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Greg Prince and Jason Fry
Faith and Fear in Flushing made its debut on Feb. 16, 2005, the brainchild of two longtime friends and lifelong Met fans.

Greg Prince discovered the Mets when he was 6, during the magical summer of 1969. He is a Long Island-based writer, editor and communications consultant. Contact him here.

Jason Fry is a Brooklyn writer whose first memories include his mom leaping up and down cheering for Rusty Staub. Check out his other writing here.

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Feeling Alright

Don't know who was playing the Bowery Ballroom, but if it was Joe Cocker, I hope you gave Sloanie, presumably following the tour in a van, our regards. I doubt he's any more amenable to interruptions in person than he is via phone, pager or text.



If that's not exactly what happened, don't tell me it's not.

Ah, the Parallel Universe. Our heads should be out of those PU clouds what with spring training in full swing, but since it snowed all day and the snow blew all night (snow blows anytime), I can see where the celestial static might screw with the reception.


I'm listening to some of our many triumphs from the past two decades right now, replayed in the annual March Metness loop they do without fail on 660 AM, K-METS. As you know, they changed the call letters from WFAN around 1993 when they went to the all-Met format, since that was all anybody in New York, sports fan or otherwise, wanted to talk about. Really, Mayor Backman set the tone for that with his inaugural address. (Makes you wonder why more candidates don't run on the drag bunt platform. Worked for him.)


Speaking of rewriting history to suit one's pathetic fantasies, Gary Carter nearly blew a happy and peppy and bursting-with-love gasket when asked by FAN's afternoon hosts about the 16th inning in Houston and the legendary option menu that Keith Hernandez gave him: fastballs or fighting. It's so legendary that even Francesa and Russo have heard of it. The Kid said Keith is full of beans. It never happened. I'm the catcher. I call the pitches. Love me.

Having listened to Keith do games these last several years with stunning clarity regarding strategy and player's frame of mind but also absolute muddledness in terms of past events, I don't know who to believe. Yeah, I do. I believe Keith. I believe every story that reflects poorly on the '86 team's professionalism because it reflects that much better on their humanity.

Cripes — Doc and Darryl, Mex and Kid. It's 2005, why are we dwelling on them still? Oh yeah, tradition. Tradition Field. (That is, despite my insistence that 44 years of history is highly tangible, kind of funny.) Did anybody ever think to soothe Thomas J. White's feelings over tearing his name off of what was his stadium? And what about Al Lang? Our former St. Petersburg spring training home, now occupied by the Devil Rays, is called Progress Energy Park, Home of Al Lang Field. I hope the kin of Al Lang demand removal of their blessed patriarch's identity from that travesty. And I doubt the concept of progress is terribly pleased at being associated with the Devil Rays.

In the present, it's the season of the New Mets. Then again, it's always the season of the New Mets. Go through your Books and you should find there were 29 New Mets last year. That's more than a whole roster. All told, there were 52 different players who played in a Mets uniform (including Tom Wilson and Jose Parra who each played one game in the wrong Mets uniform) in 2004. New Mets outnumbered Old Mets, 56%-44%. So what's the Mets' marketing strategy this year? Forget about last year, we've got New Mets!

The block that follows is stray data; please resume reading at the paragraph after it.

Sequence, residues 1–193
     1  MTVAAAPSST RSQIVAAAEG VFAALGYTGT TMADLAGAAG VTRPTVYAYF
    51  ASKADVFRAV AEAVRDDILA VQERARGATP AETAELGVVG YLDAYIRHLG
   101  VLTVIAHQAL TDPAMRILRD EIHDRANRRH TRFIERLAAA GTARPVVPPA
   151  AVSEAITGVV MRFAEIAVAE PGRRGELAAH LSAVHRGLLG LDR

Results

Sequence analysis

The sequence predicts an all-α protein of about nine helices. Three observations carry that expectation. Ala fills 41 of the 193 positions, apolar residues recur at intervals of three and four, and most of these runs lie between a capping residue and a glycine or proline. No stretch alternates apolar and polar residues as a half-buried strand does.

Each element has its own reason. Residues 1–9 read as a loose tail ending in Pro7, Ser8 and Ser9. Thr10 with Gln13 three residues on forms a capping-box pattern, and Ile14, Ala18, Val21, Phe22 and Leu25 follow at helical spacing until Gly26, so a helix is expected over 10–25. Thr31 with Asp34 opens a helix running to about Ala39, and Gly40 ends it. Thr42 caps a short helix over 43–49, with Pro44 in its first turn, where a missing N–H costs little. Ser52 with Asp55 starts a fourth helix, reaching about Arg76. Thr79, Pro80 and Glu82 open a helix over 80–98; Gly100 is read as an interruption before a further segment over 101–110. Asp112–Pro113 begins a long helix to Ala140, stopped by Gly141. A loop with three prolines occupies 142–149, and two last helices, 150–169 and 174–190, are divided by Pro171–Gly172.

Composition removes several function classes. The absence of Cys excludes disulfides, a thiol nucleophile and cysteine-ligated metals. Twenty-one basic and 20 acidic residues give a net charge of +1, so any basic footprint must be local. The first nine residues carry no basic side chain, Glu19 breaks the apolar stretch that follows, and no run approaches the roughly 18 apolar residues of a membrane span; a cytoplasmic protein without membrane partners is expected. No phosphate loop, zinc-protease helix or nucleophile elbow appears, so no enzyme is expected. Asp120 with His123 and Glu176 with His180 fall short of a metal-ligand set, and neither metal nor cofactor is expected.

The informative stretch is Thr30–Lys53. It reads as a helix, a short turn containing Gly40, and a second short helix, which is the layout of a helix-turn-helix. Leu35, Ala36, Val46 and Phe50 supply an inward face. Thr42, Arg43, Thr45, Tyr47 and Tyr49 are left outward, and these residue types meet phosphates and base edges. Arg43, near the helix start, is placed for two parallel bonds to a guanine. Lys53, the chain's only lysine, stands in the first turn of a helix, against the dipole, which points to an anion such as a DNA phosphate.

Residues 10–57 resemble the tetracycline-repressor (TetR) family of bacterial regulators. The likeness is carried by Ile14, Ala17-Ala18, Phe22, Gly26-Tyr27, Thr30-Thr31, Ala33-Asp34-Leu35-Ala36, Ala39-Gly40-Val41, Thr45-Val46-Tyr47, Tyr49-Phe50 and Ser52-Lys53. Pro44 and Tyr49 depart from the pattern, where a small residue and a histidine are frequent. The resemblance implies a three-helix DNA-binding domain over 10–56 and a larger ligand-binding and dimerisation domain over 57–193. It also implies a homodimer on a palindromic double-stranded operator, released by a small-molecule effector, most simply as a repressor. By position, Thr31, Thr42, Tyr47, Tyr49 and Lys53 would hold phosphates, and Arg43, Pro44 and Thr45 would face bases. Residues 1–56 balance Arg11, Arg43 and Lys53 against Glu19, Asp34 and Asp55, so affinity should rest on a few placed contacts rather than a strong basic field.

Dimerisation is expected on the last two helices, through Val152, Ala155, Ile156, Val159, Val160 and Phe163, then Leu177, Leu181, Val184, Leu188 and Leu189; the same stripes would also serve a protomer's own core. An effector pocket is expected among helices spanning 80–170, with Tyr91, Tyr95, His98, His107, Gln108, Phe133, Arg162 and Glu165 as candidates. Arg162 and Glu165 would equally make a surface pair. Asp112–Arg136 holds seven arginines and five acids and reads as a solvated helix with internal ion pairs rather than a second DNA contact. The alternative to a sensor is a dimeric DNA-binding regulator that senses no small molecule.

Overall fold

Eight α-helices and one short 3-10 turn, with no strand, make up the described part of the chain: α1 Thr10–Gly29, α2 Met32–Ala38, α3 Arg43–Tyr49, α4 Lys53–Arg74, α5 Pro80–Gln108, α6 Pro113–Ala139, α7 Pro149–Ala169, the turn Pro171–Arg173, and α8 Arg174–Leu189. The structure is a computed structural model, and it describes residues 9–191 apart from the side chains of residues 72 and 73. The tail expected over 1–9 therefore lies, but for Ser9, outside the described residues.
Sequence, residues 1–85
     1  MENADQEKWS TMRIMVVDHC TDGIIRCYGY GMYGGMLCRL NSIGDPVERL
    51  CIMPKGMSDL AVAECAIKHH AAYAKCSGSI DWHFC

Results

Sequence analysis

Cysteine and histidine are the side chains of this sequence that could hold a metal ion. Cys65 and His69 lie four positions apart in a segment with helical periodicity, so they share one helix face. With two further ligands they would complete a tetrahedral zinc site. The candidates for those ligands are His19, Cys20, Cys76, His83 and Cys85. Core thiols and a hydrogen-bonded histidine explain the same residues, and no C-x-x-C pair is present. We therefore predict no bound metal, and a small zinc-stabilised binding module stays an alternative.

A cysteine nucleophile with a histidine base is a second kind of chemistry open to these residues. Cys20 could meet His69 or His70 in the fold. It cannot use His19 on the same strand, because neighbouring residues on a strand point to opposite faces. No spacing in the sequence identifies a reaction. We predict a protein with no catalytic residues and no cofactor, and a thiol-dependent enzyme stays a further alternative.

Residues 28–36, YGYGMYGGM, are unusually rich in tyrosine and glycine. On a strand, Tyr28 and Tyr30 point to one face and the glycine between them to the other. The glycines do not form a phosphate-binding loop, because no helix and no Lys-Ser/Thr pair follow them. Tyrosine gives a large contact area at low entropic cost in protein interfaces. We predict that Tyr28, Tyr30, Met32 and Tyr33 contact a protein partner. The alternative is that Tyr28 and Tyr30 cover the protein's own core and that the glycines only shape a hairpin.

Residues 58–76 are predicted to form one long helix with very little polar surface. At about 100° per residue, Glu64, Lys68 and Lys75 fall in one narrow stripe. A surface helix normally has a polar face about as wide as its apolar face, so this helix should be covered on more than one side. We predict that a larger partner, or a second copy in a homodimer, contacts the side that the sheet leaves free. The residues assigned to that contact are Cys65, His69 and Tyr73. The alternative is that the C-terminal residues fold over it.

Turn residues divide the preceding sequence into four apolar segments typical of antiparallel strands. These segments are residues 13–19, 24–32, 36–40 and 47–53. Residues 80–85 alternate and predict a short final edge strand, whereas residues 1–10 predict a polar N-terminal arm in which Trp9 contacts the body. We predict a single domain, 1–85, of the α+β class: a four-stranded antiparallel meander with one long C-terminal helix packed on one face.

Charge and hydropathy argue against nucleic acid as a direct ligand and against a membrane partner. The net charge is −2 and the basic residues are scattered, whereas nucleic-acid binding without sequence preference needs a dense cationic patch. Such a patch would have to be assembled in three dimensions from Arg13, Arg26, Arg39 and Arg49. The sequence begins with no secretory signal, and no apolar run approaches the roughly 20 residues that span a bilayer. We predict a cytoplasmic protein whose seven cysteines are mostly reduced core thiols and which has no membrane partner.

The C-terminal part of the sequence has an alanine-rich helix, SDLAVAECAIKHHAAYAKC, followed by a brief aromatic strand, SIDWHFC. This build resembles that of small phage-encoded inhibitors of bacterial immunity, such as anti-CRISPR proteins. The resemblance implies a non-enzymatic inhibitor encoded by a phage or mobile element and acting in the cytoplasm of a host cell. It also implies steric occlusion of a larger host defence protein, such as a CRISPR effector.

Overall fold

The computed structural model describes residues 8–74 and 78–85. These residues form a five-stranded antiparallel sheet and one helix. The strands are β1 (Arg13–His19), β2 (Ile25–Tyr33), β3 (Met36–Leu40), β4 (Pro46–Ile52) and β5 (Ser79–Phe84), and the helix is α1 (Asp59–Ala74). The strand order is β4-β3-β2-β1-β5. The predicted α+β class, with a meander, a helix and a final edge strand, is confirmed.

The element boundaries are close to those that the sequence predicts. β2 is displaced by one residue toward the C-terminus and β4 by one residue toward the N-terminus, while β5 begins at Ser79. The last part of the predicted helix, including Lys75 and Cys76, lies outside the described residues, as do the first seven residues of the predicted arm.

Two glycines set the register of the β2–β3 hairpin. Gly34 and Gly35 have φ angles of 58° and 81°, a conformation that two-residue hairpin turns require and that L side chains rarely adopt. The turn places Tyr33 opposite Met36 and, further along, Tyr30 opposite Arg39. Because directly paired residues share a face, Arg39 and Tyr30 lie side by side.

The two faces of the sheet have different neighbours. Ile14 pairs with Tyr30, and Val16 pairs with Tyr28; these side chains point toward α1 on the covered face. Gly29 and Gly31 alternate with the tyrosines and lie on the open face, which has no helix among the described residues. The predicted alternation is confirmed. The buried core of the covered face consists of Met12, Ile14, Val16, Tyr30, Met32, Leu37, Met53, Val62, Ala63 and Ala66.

As for the future, I don't dream about David Wright's 5 going up on the left field wall. I don't dream about the sun coming up tomorrow, either. I just assume both will happen. What does tickle me, though, is your implicit definitiveness that the same left field wall we stare at today will be in use for its 60th season come '23. Along the lines of Andres Galarraga being older than dirt, the hills and Kevin Elster to name three, consider that our beautiful Shea Stadium, which I know you love so deeply, is catching up with New York's National League antiquities in terms of service time.

Ebbets Field hosted its boys for 45 summers. The Polo Grounds in its final incarnation (there were four of 'em) opened for business in 1911, meaning 1957 was its 47th and final season as the land of the Giants. Shea in 2005 will enter its 42nd year. Although O'Malley and Stoneham should be dug up, brought back to life and shot (rinse, repeat) for ever absconding with the civic jewels, I've read more than I haven't that both ballparks were in dire need of replacement at or before the time of their abandonment. Wanna bet municipally built and tended Shea outtenures them? Combined?

Ah, PU …


After Mayor Backman gave way to Mayor Jefferies — they overcame a rocky start to become great pals — the new and old Hizzoners came together to cut the ribbon on Strawberry Field, the grandest ballpark in the majors, befitting the stature of its team and the all-time home run king for whom it is named. The brilliant waterfront design by young and upcoming architect Jeff Wilpon — who admitted he'd never seen a baseball game because he'd been too busy working his way through art school — spurred all kinds of redevelopment in what we now know as Goodentown, formerly Flushing. It's a showplace for all of New York and all of baseball. Even games against the lowly Braves are standing room only. Wasn't it something the way beloved Doctor K, fresh from announcing his cure for cancer (remember when we thought “Doc” was just a nickname?) came out of retirement to start the Mets' first game there in 2005? Of course he pitched a no-hitter. Old habits are hard to break.

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